Facebook and Twitter are the established focus for online marketing, with more and more brands also including Instagram in their strategy, but if you want to reach women, you should seriously consider Pinterest. Nearly 80% of all Pinterest users are women, and they spend a lot of time on the site.

That means brands that currently advertise on Pinterest know that they’re pitching to women, and will have refined their marketing accordingly. Look at the style of adverts on there that have high levels of engagement, and take what ideas you can from them.

  1. Consider Employing An Influencer

It’s a sign of the times that we live in that ‘Instagram influencer’ is now considered to be a job, but it is, and it pays big money. That’s not just for the person doing the influencing either; it’s also lucrative for the firms paying for the adverts if they choose their ‘influencer’ wisely.

A recommendation that comes from someone with a large social media presence can be more trusted than a conventional advert, because to that person’s followers, it feels like a personal recommendation.

Most social media stars, be they ‘regular’ celebrities or social media personalities, are happy to take money for product placements and mentions. Consider who would be a good fit for your brand or product.

What sort of celebrities could you see using it? If you could see that person using it, it probably means many of that person’s followers would be interested, too. Unless you have bottomless pockets, A-List celebrities are out of the question, so be realistic about who to target, and then get in touch with them.

  1. Make Use Of Humor

There are old cliches about men and women, and what they look for out of relationships. You’ll have heard it said that the way to a man’s heart is through his stomach and that women marry a man who’ll make them laugh. Women are very receptive to humor and will engage with the things that make them laugh.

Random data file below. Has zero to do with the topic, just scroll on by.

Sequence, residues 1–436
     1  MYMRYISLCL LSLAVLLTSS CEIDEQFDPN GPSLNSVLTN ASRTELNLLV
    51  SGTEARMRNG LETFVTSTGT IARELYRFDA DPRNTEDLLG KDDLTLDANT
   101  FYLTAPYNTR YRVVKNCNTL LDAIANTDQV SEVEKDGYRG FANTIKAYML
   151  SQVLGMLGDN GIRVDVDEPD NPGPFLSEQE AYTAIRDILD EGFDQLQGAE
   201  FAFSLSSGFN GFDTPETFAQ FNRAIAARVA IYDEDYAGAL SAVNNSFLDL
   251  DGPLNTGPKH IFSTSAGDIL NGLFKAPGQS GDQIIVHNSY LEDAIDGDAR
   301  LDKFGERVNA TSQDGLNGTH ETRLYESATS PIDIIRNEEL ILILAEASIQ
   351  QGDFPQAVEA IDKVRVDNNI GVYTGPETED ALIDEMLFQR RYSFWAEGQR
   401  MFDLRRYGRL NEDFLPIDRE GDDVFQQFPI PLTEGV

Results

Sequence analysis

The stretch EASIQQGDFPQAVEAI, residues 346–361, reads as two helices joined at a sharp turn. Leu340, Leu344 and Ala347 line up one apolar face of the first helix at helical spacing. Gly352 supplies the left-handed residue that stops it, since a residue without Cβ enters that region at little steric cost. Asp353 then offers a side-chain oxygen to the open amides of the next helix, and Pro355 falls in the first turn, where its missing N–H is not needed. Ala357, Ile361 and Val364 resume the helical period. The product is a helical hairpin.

Unless using humor would be completely inappropriate in the context of what your product is or does, think about how you could inject a dose of fun into your marketing campaigns, and then use it. It’s far more likely to provoke a response – and live in the memory – than dry information or a basic infomercial.

Don’t try too hard to turn an advert into a stand-up comedy routine; go for a gentle laugh and make sure it’s on-message with whatever you’re trying to sell.

That should be all it takes to make sure you’re connecting with a female audience, so to summarize; don’t patronize, don’t go pink, be on Pinterest, speak to influencers and look to make your audience laugh. That’s five basic ideas that could result in a significant uplift in your engagement with female buyers. Put them into practice with your marketing teams, and we’re confident the results will speak for themselves.

SHARE
Previous articleTips For Women Just Out Of Breast Augmentation Surgery
Jeanne San is a Marketing Manager at ContentHow and a freelance copywriter. In her roles, she wears a gamut of different hats—from running extensive marketing campaigns to writing copy that converts—all to ensure business success on the web. Visit her site to know more about her work and how she can help you!

LEAVE A REPLY

Please enter your comment!
Please enter your name here